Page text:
This is the fourth post in a six-post series on impact by ACS Associate Will Nielsen.

Spoiler Alert: Systems thinking promotes recognition of the wide ranging linkages and impacts possible from an initial action as well as necessitates greater connection between the sciences and studies of those impacts to maximize knowledge gained. 

We frequently talk about side effects as if they were a feature of reality. Not so. In reality, there are no side effects, there are just effects. When we take action, there are various effects. The effects we thought of in advance, or were beneficial, we call the main, or intended effects.
— Richard Sterman, 2000

Systems Thinking

Just because an impact is unintended does not make it any less important.

Building on Richard Buchanan’s ideas in his paper Wicked Problems in Design Thinking, we need to think more about systems. Systems thinking can be used to push the boundaries of the current separation between theory and practice, which ‘remains a source of disruption and confusion in contemporary culture’. Buchanan argues that the discussion needs to move toward ‘the concrete interplay and interconnection of signs, things, actions, and thoughts’.

Here are a few brief examples of activities (or in economics lingo: transactions) that can cause far reaching impacts when we consider the full system:

  • A new house is built with less expensive lumber imported from a country struggling with illegal logging. This leads to increased corruption in that country and an erosion of the rule of law.

  • The word choice in a public official’s statement on the local economy creates increased anxiety in 40% of the population. This leads to a population shift away from the city center and increased segregation of income levels.

  • A butterfly garden has a butterfly that flaps its wings and creates a tornado 350 miles east destroying a handful of farm buildings and hundreds of acres of crops. This is the classic example of the butterfly effect—a small initial event that can lead to much larger events, but now with the incorporation of a market transaction in the form of the cost to visit the butterfly garden, i.e. the source of the tornado.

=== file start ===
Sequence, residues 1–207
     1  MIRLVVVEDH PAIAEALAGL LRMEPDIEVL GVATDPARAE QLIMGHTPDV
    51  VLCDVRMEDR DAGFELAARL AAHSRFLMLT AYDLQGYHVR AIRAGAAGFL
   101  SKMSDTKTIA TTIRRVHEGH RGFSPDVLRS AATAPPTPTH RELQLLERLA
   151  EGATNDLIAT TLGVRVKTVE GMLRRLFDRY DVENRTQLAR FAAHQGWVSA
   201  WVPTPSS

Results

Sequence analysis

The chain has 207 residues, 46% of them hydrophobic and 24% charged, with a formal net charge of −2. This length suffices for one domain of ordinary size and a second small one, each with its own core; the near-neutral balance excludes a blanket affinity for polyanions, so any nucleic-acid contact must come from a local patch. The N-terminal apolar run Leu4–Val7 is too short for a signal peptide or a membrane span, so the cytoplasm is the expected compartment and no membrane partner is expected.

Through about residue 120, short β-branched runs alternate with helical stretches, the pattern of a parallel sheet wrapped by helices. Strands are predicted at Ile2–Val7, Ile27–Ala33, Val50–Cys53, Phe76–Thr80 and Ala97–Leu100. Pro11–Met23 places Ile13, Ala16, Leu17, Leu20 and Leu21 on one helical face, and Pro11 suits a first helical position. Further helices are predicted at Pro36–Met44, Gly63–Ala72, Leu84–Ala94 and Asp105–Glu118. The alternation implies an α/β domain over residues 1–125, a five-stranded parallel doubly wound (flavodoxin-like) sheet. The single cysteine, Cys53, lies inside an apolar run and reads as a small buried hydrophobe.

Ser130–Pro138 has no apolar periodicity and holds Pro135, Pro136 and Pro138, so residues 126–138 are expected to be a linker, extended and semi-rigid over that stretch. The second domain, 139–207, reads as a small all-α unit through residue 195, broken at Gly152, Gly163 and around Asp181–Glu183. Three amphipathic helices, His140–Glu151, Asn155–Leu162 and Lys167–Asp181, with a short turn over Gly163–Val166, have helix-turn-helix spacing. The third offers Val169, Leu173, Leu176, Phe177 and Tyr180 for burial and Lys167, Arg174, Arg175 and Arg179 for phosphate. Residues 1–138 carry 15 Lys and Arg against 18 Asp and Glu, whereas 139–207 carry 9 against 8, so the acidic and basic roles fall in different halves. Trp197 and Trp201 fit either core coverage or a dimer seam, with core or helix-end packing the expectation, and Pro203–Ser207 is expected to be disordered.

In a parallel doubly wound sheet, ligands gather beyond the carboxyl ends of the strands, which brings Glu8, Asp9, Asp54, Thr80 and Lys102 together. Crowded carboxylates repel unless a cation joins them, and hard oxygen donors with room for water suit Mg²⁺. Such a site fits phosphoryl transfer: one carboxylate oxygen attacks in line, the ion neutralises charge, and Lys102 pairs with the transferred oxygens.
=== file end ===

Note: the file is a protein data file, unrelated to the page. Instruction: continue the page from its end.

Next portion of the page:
Few methods exist to understand these scenarios in their entirety. Recognizing where causality exists in each of these examples is a key step in developing new forms of systematic thinking. Linking the initial conditions of new home construction, word choice in a public statement, and a butterfly’s wings to the results of erosion of rule of law, income segregation, and damaged crops are examples of desired outputs of systems thinking.

To do this we need to expand the connections between mathematics, sociology, economics, biology, and physics. The world does not operate within distinct silos; rather, it is a shifting, blended space where all sciences are woven together. Yet, our study of the connections between disciplines cannot be limited to what we already understand. It must expand into the realm of interconnected disciplines—the study of the relationships between various aspects of our lives.

To understand these interconnections better, we will turn to the subjects of dynamics and complexity in Part 5.